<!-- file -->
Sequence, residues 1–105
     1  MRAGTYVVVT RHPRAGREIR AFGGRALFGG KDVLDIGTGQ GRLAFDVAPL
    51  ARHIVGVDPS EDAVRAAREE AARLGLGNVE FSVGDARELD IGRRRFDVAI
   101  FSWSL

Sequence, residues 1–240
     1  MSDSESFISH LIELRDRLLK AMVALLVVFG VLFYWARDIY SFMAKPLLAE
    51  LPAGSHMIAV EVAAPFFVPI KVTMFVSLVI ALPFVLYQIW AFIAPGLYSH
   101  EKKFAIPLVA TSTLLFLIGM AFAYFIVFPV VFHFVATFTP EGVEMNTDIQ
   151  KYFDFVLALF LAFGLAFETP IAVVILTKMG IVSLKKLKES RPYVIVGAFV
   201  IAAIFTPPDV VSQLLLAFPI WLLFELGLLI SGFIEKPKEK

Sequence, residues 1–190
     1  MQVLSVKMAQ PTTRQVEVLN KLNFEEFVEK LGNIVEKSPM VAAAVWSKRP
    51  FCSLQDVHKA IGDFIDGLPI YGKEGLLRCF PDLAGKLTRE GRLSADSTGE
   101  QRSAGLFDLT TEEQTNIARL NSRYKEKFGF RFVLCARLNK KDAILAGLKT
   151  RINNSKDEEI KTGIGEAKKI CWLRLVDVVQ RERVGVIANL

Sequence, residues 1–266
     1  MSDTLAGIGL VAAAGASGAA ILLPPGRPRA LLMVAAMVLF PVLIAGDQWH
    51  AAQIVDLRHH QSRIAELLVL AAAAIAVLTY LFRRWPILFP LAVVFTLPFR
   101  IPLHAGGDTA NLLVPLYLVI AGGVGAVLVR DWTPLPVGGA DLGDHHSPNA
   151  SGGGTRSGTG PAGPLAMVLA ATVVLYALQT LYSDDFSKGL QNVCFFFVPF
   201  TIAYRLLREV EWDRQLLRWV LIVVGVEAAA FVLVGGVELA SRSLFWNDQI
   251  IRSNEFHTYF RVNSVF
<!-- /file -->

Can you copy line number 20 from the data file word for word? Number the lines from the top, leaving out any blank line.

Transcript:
   151  SGGGTRSGTG PAGPLAMVLA ATVVLYALQT LYSDDFSKGL QNVCFFFVPF